‘The poor and needy search for water but there is none; their tongues are parched with thirst, but I the Lord will answer them; I, the God of Israel, will not forsake them…’ (IS 41:17)
It was a good sign. As I greeted my Thai colleague Sue and team at the Kolkata Airport, I looked behind her in line and saw a dozen Missionaries of Charity (St. Teresa’s team) gleaming in white robes, their eyes bright with Jesus as they awaited baggage check and a fresh advance in another region. We walk the path of blessed pioneers.
As Abbey and I motored our way up a dusty mountain to our destination of Shillong in the upper north of India—a finger of land surrounded by Bhutan, Myanmar, China, Nepal, and Bangladesh—I noticed roadside dust and clamor growing green as we ascended a mile high up the hills. Teeming with life, the city beckoned to us; after 40 hours of travel, we felt that strange blend of exhaustion and exhilaration and decided to walk to our first meeting.
What a reunion! Our hostess/leader Bobby is a dynamic, faith-filled wife and mother who simply believes God for the needs of persons in her city: she has started citywide outreaches to the poor, an orphanage she still runs, and now wants to ensure that the deep and often shame-shrouded needs of fellow Christians are met in a safe, merciful and effective way. Living Waters! She travelled twice to Thailand and once to The Philippines in order to raise up a team, and there they sat in front of us now, waiting to pray for our advance: beautiful, humble men and women who were growing whole together, now primed to release healing to others.
Bobby recalled: ‘I was unsure if India was ready for Living Waters. We are an honor, family-based culture: we don’t talk about sexual matters or family wounds—these might dishonor loved ones. But when I returned from Thailand and told friends what I heard, they all started sharing deep, hard things. I realized that whether we like it or not, we need Living Waters!’
Before our first gathering, two fun things happened. Bobby gathered a group of pastors with whom we dined and discussed these issues. Their leader, Pastor Hamlet, reminded me of John Wimber—both wise and merciful men whom God blessed as founder/leaders of thriving denominations yet who only wanted to build up the whole body of Christ with the healing power of Jesus. Like Wimber, Hamlet prefers the Kingdom over church government. I love him.
Soon after our lunch I went for a long run up and down the narrow streets of Shillong and noticed an array of Catholic and Protestant institutions. I then discovered that Catholics had invested huge amounts of energy over the last several hundred years to bring the Gospel to these people—the Khati—and have left an array of schools and educational offerings for them. Further, Welsh missionaries landed there in the early 20th century, burning with the flames of revival ignited in Wales a decade earlier. This city is ready for Living Waters. I was so excited that I started running with a group of Indian soldiers and raced them to their barracks, tying for first with a man one-third my age.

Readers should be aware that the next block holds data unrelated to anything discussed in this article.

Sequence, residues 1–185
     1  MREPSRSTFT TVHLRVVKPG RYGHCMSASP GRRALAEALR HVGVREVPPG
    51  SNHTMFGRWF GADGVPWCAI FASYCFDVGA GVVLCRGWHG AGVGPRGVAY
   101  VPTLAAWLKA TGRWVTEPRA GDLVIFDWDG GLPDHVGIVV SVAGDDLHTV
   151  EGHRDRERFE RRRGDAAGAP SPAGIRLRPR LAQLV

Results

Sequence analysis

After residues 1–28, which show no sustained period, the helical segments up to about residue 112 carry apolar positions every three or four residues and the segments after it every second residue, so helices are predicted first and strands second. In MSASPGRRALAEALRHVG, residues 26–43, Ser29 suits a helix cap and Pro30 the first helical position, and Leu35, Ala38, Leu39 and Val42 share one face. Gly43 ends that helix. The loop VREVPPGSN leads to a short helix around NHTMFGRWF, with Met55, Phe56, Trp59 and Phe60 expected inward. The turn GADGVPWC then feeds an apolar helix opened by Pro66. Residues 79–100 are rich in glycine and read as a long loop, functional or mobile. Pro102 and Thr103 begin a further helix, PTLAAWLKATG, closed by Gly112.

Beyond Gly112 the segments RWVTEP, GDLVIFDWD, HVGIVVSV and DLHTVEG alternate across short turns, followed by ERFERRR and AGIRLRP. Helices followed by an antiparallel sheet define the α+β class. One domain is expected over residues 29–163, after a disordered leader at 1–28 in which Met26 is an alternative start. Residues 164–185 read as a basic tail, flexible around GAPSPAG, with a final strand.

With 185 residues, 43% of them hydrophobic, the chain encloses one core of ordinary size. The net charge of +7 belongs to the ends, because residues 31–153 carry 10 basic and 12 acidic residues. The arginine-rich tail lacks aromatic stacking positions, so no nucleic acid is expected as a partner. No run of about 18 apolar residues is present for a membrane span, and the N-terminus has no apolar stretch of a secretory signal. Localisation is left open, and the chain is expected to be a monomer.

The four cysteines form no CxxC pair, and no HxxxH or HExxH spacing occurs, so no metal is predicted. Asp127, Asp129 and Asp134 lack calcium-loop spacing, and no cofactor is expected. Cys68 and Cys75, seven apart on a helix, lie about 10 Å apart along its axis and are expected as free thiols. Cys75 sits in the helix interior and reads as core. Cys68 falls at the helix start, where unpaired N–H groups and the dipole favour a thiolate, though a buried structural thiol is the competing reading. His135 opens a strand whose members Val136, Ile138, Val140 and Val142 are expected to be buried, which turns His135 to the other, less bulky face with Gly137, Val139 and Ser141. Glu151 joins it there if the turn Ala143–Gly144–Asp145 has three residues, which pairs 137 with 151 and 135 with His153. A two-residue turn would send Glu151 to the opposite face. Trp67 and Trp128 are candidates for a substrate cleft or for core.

Our conference was full of Jesus, tender and powerful in mercy to meet people in profound areas of need. We preached the truth of our own being-healed lives through the power of the Cross; signs and wonders followed. Like Ezekiel in the temple, the water levels kept rising. Because family is so crucial here, sons and daughters who were already receiving healing from Bobby and team brought parents who began to confess their wounds and failures. Families were being healed before our eyes.
I called up all persons who wanted to help release Living Waters in India; nearly everyone arose. Immediately I thought of Isaiah 41 where the prophet voices God’s commitment to answer the stifled cries of His people: ‘I will make rivers flow on barren heights, and springs within the valleys. I will turn the desert into pools of water, and the parched ground into springs’ (IS. 41: 18). As I shouted out these verses, I wept for I realized in a small way we were fulfilling God’s promise to the poor and needy. I saw waters cascading down the green heights of Shillong, throughout the thirsty byways of India.
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